No Power, No Game – A Key Lesson from the Super Bowl!

Mercedes-Benz Superdome
photo credit: Sheepdog24 via photopin cc

It was an odd moment in the third quarter of Super Bowl XLVII as the Mercedes-Benz Superdome suddenly went half black. The players and coaches stood befuddled, the broadcasters went ominously quiet, and the television cameras simply panned the half-darkened ceiling of the massive dome. Nobody really knew what was going on but one thing was certain—no power meant no game. At least for the next 34 minutes.

As I begin to wrap up this series on violence, I can’t help but make an observation that is somewhat critical of the conservative community standing in total opposition to any form of gun control. This is quite difficult for me to do because I have quite a few good friends I might possibly offend.

The New Testament clearly emphasizes that God has given His church powerful spiritual weapons for the purpose of advancing His kingdom.

The truth is that, although of course we lead normal human lives, the battle we are fighting is on the spiritual level. The very weapons we use are not those of human warfare but powerful in God’s warfare for the destruction of the enemy’s strongholds. 2 Corinthians 10:3-4 (Phillips)

I understand that the primary context of this passage is the Apostle Paul writing about truth as our primary weapon for breaking down enemy strongholds; however, in the greater context of the New Testament, we find that truth is not our only spiritual weapon.

Receiving from God
photo credit: kelsey_lovefusionphoto via photopin cc

In His final words before ascending into heaven, Jesus made something quite clear to His followers—He would empower them, through the person of the Holy Spirit, to do all that He called them to do.

But you shall receive power (ability, efficiency, and might) when the Holy Spirit has come upon you, and you shall be My witnesses in Jerusalem and all Judea and Samaria and to the ends (the very bounds) of the earth. Acts 1:8 (AMP)

In addition to His awesome truth and the amazing power of prayer, God has invested within the heart of every true believer a power that far exceeds anything that the human race could ever envision. Unfortunately, for the most part, it is a power that lies dormant as we pursue a multitude of other methods to satisfy our lives and to do ministry.

A fundamental strategy of any type of warfare is to attempt to disarm the power of the enemy. And I must say that, for the most part, Satan has done an effective job of getting the Christian church to lay down its weaponry. We often give minimal attention to the truth of God’s word, a lesser amount to individual and corporate prayer, and even less to operating in the gifts of the Holy Spirit. The church has been effectively disarmed to the point of having minimal influence in a society being overrun by dark forces.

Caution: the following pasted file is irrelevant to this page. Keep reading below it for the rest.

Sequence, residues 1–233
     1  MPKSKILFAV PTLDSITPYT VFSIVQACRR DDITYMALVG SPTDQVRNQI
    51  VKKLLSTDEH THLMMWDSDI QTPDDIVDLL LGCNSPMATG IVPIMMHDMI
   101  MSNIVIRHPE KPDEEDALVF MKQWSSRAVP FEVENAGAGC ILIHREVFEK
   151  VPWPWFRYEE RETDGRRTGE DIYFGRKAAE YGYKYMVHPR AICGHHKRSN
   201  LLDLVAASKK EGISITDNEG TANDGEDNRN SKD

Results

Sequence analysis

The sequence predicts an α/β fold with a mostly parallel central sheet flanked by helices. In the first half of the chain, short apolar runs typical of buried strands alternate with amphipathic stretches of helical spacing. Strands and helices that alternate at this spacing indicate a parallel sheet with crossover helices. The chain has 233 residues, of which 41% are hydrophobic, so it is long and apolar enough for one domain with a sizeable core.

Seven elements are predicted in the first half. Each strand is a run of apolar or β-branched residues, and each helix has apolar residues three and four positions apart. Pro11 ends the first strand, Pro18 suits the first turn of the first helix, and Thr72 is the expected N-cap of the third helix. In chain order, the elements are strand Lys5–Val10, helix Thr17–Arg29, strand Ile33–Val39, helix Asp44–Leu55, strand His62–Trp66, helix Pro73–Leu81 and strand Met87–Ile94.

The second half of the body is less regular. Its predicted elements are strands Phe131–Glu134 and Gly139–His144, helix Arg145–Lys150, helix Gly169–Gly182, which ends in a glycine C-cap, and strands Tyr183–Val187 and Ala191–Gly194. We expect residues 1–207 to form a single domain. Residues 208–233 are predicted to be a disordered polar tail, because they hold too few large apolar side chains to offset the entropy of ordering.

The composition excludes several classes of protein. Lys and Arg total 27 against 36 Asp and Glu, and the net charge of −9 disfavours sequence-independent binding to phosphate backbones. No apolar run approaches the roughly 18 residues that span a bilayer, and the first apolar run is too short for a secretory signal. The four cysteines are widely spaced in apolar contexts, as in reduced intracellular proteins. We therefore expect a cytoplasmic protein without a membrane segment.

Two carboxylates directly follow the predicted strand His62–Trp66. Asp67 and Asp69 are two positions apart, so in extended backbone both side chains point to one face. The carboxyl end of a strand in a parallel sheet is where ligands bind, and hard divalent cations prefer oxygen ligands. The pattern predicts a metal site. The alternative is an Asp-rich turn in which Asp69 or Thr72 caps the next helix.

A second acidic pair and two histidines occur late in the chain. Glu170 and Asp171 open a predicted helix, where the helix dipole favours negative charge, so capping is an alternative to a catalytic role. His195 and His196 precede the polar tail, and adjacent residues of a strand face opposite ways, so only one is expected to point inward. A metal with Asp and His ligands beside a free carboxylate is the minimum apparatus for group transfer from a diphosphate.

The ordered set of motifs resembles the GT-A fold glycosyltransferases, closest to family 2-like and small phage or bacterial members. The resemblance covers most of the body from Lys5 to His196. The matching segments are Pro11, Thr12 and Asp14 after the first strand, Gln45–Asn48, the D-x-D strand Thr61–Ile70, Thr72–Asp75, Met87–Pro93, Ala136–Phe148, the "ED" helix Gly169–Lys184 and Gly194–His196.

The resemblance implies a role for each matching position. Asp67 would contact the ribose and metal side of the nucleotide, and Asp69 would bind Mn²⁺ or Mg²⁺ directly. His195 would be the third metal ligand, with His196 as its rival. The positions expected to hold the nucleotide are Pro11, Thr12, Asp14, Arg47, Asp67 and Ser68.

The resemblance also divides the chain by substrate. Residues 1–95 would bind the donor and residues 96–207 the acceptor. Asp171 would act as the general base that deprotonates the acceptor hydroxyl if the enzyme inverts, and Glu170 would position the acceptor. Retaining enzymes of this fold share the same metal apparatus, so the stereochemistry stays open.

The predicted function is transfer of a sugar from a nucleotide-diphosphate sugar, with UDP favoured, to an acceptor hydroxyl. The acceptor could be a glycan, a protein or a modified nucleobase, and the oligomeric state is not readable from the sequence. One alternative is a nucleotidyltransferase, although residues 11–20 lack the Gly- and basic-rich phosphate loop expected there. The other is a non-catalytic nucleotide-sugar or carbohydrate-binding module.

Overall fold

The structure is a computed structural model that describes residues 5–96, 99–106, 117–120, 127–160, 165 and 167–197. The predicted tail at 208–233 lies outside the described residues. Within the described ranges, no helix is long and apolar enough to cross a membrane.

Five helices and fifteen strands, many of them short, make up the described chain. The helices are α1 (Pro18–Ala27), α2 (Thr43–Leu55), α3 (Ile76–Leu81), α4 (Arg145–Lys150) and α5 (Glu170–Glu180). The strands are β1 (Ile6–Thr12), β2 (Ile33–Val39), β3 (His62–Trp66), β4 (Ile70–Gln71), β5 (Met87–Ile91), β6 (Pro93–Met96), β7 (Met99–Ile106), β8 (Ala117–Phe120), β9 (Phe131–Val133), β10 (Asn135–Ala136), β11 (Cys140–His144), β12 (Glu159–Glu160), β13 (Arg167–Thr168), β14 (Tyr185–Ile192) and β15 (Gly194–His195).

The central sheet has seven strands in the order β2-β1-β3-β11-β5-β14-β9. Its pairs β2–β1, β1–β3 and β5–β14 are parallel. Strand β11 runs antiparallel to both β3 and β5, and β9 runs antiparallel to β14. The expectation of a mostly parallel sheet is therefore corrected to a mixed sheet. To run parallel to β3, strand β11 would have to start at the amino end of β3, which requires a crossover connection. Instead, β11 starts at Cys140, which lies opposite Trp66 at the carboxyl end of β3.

Gun Rights Rally
photo credit: Elvert Barnes via photopin cc

Our reasons for allowing this to happen may be many but I think they are as weak as our spiritual vitality. In the end, we are either ignorant of God’s power available to us or we aren’t willing to pay the price to lay hold of all that He has for us. Perhaps it is a mix of both, but either way, I can’t help but wonder how the spiritual landscape in America would look if we as conservative Christians were as outraged at the loss of our spiritual weaponry as we are about the possibility of losing our gun rights.

Still, there is good news in all of this! If we will only take the time to dig deeper into His word to discover the power and authority available to us, if we will fast from food and some of our media, if we will spend extended time in prayer seeking His face, God will gladly restore the church what has been lost and neglected. Although God’s power is readily available to every believer, generally, it does not come as easily and quickly for us as it should. Deliberate and extended effort may be necessary.

No Power, No Game! We can whine and complain all we want, but unless we take up the call to spiritual arms, the spiritual landscape of our nation won’t be changing any time soon.

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The Manifest Presence of God

Steve, a student who occasionally attended our campus ministry meetings, found himself in the midst of a year and half long struggle with depression. On one particular evening I spoke about the importance of Christians seeking the presence of God. Steve seemed a little skeptical, but proved determined nonetheless. He knew he needed something more from God. Later that evening Steve spent 2-3 hours in prayer doing nothing more than crying out for God to reveal Himself. That night our heavenly Father touched Steve in such a real way that his depression completely lifted! An instant in God’s manifest presence can do more than a lifetime of human effort.

Even though He dwells within us, even though our spiritual senses have been brought to life, experiencing God’s manifest presence is not automatic. (Many of us have actually been taught that God no longer relates to humans in tangible ways.) This is where I believe it is essential for us to seek Him by faith. God wants to have a dynamic relationship with His children in this life. But do we really believe that?

Photo by Sam Hakes

Recently I received a gospel tract that included this sinner’s prayer:

“Dear God, I admit I am a sinner on my way to Hell. I believe that you died for me. Please save me from my sin and take me to Heaven when I die. Thank you for saving me. Amen.”

There was nothing of a personal relationship with a living God, only a distant hope for a blissful eternity. Any gospel that seeks to proclaim a message of salvation apart from a very real relationship with God in this life, certainly isn’t the full Gospel.

But even when we do present the Gospel in light of a personal relationship with God, do we give any indication of what that means? How do we have a personal relationship with the Creator of the universe? Does He stop by for an evening stroll like He did with Adam & Eve? Does His presence overtake us and we fall to the ground as with Abraham or Daniel? Do we see Him high and lifted up on His throne as Isaiah did? Does He speak to us audibly the way He did to Saul (Paul) on the road to Damascus? While all of these are possible, it’s safe to say that they don’t represent the everyday norm for a New Covenant believer.